Proper irrevocable trust planning can alleviate all of their concerns. Through a transfer of these assets to an irrevocable trust, the couple can (1) remove the assets from their countable asset tally (assuming they make it past the five-year lookback), thus qualifying for Medicaid if long-term care is eventually needed, (2) retain control over the assets, receiving net income from the liquid assets, and maintaining the ability to live in the home during their lifetimes, and (3) remove these assets from their probate estate upon the surviving spouse’s death. Overall, irrevocable trusts provide individuals with greater control and discretion than transferring the property outright to a child, and allow for long-term care protection and probate avoidance.

Tax Benefits of Irrevocable Trusts

Also noteworthy are the tax benefits that come with irrevocable trust planning. Because these trusts, if structured properly, are “grantor trusts”, the couple in our example would still be considered owners of the home for tax purposes. With the grantor trust designation comes several benefits. Provided the couple has owned and lived in the property for two of the previous five years, they would be able to take advantage of the IRS capital gains tax exclusion on a sale of the principle residence (up to $500,000), should they decide to sell the property. In other words, they would only have to pay capital gains taxes on the portion of the gain exceeding $500,000. The transfer of the property to an irrevocable trust does not change this. And provided the sale proceeds are funneled directly into the trust, they too will be protected, with the lookback period unaffected by the transaction. Also, income earned by the liquid assets in the trust will be taxed at the lower individual rates of the Grantors, instead of at the higher tax rate for trusts.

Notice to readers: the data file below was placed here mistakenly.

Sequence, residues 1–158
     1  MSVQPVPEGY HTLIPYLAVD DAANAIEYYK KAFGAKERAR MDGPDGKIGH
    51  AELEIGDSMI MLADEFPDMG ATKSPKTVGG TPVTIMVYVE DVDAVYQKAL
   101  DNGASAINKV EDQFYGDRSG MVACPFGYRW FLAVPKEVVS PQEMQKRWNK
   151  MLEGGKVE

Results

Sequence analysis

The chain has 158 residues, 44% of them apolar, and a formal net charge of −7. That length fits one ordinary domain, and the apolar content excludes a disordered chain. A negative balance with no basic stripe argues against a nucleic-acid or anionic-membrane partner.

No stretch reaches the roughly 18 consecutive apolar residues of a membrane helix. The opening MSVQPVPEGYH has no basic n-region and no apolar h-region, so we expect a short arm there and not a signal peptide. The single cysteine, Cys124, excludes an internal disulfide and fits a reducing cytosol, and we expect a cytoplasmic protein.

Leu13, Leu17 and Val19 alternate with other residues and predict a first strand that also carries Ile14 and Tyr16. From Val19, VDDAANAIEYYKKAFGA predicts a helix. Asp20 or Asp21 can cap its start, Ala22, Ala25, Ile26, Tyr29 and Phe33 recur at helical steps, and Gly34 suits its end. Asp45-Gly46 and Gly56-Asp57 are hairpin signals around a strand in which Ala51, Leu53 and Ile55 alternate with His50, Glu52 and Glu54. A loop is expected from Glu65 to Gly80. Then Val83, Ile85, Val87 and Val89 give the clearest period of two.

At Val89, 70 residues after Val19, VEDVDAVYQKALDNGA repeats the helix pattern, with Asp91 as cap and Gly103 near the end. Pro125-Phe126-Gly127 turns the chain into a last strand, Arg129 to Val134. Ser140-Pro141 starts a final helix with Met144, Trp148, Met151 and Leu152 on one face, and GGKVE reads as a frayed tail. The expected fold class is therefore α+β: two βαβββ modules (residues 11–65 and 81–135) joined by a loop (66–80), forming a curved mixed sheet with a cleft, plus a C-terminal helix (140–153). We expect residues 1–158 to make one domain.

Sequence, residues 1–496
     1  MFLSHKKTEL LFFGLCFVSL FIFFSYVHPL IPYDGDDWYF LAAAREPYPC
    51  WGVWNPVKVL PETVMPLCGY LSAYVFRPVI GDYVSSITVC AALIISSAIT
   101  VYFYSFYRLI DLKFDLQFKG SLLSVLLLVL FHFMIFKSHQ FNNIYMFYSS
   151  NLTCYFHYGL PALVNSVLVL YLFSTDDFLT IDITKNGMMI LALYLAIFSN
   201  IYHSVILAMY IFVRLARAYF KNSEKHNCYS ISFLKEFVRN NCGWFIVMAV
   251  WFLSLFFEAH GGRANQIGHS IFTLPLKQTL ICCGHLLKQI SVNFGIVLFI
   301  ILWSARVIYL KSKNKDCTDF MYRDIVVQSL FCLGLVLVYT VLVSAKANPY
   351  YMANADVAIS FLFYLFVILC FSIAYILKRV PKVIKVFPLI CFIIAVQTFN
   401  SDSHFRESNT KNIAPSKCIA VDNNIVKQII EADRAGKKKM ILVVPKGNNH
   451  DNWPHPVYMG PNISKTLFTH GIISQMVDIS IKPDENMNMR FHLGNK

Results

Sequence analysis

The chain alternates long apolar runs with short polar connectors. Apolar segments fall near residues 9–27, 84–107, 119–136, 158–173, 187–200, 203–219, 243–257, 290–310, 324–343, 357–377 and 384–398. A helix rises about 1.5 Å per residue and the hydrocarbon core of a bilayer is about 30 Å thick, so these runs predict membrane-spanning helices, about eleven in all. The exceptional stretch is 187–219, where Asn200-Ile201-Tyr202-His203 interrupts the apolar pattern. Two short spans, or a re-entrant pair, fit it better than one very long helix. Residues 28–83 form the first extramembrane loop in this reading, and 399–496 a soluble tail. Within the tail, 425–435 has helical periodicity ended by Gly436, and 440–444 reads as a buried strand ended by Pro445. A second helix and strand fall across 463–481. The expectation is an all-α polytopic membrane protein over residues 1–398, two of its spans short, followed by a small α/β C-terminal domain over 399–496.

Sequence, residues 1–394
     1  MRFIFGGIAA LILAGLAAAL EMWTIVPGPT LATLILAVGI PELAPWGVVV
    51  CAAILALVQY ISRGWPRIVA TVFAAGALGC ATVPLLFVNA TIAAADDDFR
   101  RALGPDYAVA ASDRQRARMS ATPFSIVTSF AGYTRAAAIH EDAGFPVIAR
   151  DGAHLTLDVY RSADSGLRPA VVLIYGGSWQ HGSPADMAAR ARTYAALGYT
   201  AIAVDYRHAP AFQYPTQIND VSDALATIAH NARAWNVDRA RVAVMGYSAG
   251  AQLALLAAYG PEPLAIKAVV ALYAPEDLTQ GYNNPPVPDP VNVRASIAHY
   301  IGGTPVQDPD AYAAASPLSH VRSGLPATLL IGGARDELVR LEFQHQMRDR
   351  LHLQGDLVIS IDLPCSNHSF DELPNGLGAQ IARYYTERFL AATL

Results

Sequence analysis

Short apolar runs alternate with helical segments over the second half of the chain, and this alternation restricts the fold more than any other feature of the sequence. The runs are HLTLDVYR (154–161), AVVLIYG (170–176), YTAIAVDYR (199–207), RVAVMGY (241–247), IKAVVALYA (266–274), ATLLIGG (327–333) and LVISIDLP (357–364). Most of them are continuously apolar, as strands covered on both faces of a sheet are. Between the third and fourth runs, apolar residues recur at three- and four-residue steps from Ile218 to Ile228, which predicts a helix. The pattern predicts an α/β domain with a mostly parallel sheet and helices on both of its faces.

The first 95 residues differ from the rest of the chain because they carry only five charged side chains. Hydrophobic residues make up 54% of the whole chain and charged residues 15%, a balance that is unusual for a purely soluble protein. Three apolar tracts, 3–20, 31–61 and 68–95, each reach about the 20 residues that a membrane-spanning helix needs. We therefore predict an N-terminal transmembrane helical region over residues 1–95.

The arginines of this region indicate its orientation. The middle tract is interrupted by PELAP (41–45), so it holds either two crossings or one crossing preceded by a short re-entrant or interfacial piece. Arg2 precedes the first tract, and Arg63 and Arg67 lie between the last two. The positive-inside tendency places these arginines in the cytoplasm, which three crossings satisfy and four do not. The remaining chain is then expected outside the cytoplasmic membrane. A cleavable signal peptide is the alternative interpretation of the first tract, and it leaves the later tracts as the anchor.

A further tax benefit provided by the irrevocable trust’s grantor trust status is a stepped up basis in trust assets for the beneficiaries who ultimately receive them. Upon the passing of the surviving spouse in our example, the trust assets are included in the surviving spouse’s gross estate (for tax purposes). This is important because the children inheriting the trust assets will take them at a cost basis equal to the value of the assets at the date of the surviving spouse’s death. Practically speaking, this means that a sale of Mom and Dad’s home by the inheriting children will be unlikely to result in any capital gains taxes owed, meaning the potential for significant tax savings on the sale of any asset that has appreciated over the years.

While the trust assets are includible in one’s gross taxable estate, they are not includible in the probate estate. In Rhode Island, the trust assets will, the trust assets will thus have the added protection of not being reachable as part of Medicaid’s “recoverable estate” for any services provided over the course of an institutionalized spouse’s lifetime, since the recoverable estate does not extend to non-probate assets. Neither will our couple’s daughter have to spend the time and money involved with probating the trust assets, as they would pass to her outside of the probate process.

In conclusion, irrevocable trust planning offers all of the benefits one generally associates with an outright transfer of property to children or other family members, without a lot of the downside that comes with this much “simpler” planning device. Concerns about control over assets can be eliminated with proper drafting, and one also receives significant probate, estate and tax planning benefits with the irrevocable trust.